Constructing parallel lines to given ones. The new parallel lines would have to be close enough to intersect. Afterwards, constructing its bisector is trivial. And it is the solution of the original problem since the lines were parallel so the measure of the angle is preserved. 

In order to construct a circle tangent to both lines, I connected the endpoint getting segment BC. Hence, I wanted to construct an incircle to the ``broken’’ triangle because an incircle is tangent to the segments of a triangle. Notice that incircle is an inscriber circle such that the distance to the sides is the same and equal to the radius of the incircle. Hence, I constructed angle bisectors of angles <ABC and <BCD, and their intersection is the incenter I. To construct the incircle I constructed the perpendiculars to lines AB and CD because the distance from the incenter to those sides must be the same. Hence, the angle <GEI=<HFI=90º.
But let us think for a moment that we constructed an angle bisector and had to justify our construction. In that case the triangles Δ XEI and Δ XFI would be congruent because they share the same side HI, have <GEI=<HFI=90º, and EI=FI since it is the radius of the incircle (SSA), where X is the intersection of the lines. Therefore, angles <EXI=<FHI, and <EIX=<FIH.
How can we use this to finish our construction? Well, we just said that angles <EIX and <FIH must be congruent, so the only remaining thing is to construct the bisector of the angle <EIF. Therefore, the bisector of the angle <EIF is the bisector of two given line segments.


Tangential quadrilaterals

A tangential quadrilateral is the class of quadrilaterals for which a circle can be inscribed inside the quadrilateral so that each side of the quadrilateral is tangent to the circle.


Property 1.


Property 2.


Property 3.


Property 4.


Bicentric quadrilaterals

A quadrilateral is said to be bicentric if it is cyclic and tangential.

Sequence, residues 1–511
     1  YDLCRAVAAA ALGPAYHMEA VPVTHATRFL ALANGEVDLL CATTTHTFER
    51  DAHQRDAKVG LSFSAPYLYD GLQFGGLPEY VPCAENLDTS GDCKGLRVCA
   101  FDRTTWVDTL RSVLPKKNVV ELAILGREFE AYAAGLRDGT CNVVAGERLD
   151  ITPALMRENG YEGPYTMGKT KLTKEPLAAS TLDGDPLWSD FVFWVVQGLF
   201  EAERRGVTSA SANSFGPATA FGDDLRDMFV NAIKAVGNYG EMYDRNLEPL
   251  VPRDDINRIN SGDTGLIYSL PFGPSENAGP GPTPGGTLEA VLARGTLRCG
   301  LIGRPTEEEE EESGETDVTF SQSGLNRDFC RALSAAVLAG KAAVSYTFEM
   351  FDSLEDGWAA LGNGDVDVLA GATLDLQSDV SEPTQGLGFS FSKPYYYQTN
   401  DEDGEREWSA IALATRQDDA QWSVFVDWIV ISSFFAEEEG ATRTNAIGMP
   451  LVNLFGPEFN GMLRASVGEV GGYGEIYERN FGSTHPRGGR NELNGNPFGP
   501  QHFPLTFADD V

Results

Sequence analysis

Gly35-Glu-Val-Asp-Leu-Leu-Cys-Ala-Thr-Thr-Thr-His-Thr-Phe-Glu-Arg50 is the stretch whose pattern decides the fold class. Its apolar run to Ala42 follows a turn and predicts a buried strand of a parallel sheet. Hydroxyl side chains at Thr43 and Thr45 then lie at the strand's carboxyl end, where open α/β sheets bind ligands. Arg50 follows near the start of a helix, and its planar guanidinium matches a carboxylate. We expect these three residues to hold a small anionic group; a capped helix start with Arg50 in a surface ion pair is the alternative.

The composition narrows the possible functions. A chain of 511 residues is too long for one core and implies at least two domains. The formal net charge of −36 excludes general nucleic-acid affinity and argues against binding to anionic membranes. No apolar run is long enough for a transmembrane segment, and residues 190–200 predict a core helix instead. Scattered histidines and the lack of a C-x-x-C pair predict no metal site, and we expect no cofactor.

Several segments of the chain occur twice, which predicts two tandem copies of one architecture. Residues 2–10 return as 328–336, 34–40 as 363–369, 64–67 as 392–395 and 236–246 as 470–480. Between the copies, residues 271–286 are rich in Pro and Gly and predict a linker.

Notice that we have shown the Brahmagupta's Theorem that is valid for cyclic quadrilaterals, and that the property of the sum of the opposite sides being equal is valid for tangential quadrilaterals. Combining those two theorems we can deduce about the area of the bicentric quadrilaterals.

As expected the area of a bicentric quadrilateral is also function of the lengths of its sides.

Midpoint quadrilaterals

A midpoint quadrilateral is the quadrilateral formed by connecting the midpoints of the 4 sides of the original quadrilateral.

Question 1: What is the midpoint quadrilateral of an arbitrary quadrilateral ABCD?

Similar questions can be pursued such as:

But let look as some more interesting problems instead.


Trisection of a quadrilateral



Something Golden

The golden ration, also know as the golden section or the divine proportion is a number often encountered in mathematics, arts, architecture, nature, etc.

Two quantities are said to be in the golden ratio if the sum of those quantities and the larger one is the same as the ratio between the larger one and the smaller one. The constant is commonly denoted by Greek letter and approximately equal to 1.6180339887.


Golden Rectangle

Golden rectangle is a rectangle whose sides are in the golden ratio.

Golden Rectangle Construction



Something cool:

Successive points dividing a golden rectangle into squares lie on a logartihmic spiral.